The roles of various tiers of government in the funding of culture

Diverse layers of government
Key objectives of the measure:

National cultural policy is implemented roughly along three lines:

- The basic national infrastructure consisting of 92 (in 2017) institutions which are directly funded by the government based on the criteria that they have a specific function in national arts and culture or play a key role in regional and urban cultural infrastructure.

- Six cultural funds for the performing arts, film, visual arts, literature, the creative industry and cultural participation respectively, which support initiatives in the different sectors on project basis or in two-year cycles. The Minister is responsible for the policy and the working methods of the funds, while the responsibility for the funding decisions rests with the cultural funds themselves. These are the Creative Industries Fund, Performing Arts Fund, Dutch Literary Fund, Mondriaan Fund, Netherlands Film Fund and Cultural Participation Fund.

- Policy programmes: a number of programmes are based on cooperation with other ministries including the Ministry of the Interior, the Ministry of Foreign Affairs and the Ministry of Economic Affairs, with other tiers of government (provinces and municipalities) and/or with other parties in the public and private sectors.

Cooperation between national government and other tiers of government, the provinces and municipalities, deserves special attention as each tier is autonomous in pursuing its own cultural policy. Together, the three tiers of government are able to provide a robust and wide-ranging level of cultural facilities.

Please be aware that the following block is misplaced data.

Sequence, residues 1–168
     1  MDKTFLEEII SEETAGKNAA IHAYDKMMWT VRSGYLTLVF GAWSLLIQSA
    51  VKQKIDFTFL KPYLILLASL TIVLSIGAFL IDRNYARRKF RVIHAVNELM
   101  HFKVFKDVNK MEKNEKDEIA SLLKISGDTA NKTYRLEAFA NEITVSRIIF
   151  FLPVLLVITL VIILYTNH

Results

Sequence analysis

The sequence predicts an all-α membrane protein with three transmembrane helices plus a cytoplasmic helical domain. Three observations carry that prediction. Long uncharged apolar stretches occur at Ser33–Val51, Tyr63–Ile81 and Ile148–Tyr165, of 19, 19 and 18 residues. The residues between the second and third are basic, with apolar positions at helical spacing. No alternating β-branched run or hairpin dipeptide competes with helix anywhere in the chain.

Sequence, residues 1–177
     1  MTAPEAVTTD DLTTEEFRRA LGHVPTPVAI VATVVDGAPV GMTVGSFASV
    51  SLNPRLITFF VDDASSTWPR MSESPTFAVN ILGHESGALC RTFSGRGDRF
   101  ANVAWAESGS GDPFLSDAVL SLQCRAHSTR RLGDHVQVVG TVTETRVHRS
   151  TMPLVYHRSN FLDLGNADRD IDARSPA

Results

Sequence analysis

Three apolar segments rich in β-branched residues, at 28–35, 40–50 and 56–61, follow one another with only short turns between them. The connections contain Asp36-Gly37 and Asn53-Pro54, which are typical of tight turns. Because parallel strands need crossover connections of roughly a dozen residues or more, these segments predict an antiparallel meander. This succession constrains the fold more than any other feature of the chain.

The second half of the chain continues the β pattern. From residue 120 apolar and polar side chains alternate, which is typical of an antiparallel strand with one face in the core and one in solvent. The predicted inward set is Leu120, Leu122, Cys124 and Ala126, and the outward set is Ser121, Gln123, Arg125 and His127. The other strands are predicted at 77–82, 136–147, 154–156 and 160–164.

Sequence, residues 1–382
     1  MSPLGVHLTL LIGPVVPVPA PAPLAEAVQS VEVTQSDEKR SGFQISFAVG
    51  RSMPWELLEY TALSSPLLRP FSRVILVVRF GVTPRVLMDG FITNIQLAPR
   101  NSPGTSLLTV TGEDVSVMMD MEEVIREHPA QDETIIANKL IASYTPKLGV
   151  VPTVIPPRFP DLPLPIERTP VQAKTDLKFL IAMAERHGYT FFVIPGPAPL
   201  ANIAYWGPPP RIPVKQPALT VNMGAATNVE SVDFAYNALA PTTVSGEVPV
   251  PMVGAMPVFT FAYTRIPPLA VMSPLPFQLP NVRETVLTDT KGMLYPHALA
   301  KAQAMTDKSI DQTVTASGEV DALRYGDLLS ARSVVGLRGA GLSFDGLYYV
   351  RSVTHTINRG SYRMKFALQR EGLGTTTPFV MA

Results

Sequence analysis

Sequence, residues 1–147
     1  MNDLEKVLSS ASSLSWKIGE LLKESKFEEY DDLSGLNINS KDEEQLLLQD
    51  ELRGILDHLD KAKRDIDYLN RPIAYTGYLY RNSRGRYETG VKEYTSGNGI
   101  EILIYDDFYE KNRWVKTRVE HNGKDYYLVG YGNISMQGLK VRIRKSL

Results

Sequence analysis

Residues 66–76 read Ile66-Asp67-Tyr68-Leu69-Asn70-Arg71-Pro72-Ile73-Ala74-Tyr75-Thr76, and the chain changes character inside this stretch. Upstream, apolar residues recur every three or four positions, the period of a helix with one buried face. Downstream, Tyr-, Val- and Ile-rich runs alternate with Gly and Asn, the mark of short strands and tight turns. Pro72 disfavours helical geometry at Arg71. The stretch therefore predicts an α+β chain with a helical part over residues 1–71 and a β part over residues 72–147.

Scope of the measure:
Nature of the measure:
Main feature of the measure:

The Minister’s responsibility is confined to the main points of cultural policy. The “Thorbecke principle”[1] states that governments should refrain from making an artistic judgement on cultural expressions. For this judgement, the Minister relies on the Council for Culture [Raad voor Cultuur], the body that advises government and parliament on all (substantive) matters concerning culture and media policy. In accordance with the Cultural Policy (Special Purpose Funding) Act, the Dutch government makes a financial contribution to a wide-ranging and varied cultural offering for all citizens and in all parts of the country by funding institutions and establishing policy programmes.

For this reason, the basis of cultural policy in the Netherlands is in accordance with the principles and objectives of the Convention.


[1] As chairman of the Constitutional Committee, the statesman Johan Rudolph Thorbecke (1798 – 1872) laid the foundations of the Dutch state in 1848. He led three governments as prime minister. Best known from this period is Thorbecke’s statement about the government’s position with regard to art: “Art is not the business of government as the government cannot judge art, nor yet control it”. What Thorbecke meant by this was that he, as a person, was indeed interested in art but that the government was no judge of science or art.

Results expected through the implementation of the measure:

a diverse and suitable cultural policy

Financial resources allocated to implement the measure:


Goal(s) of UNESCO's 2005 Convention
Cultural Domain(s)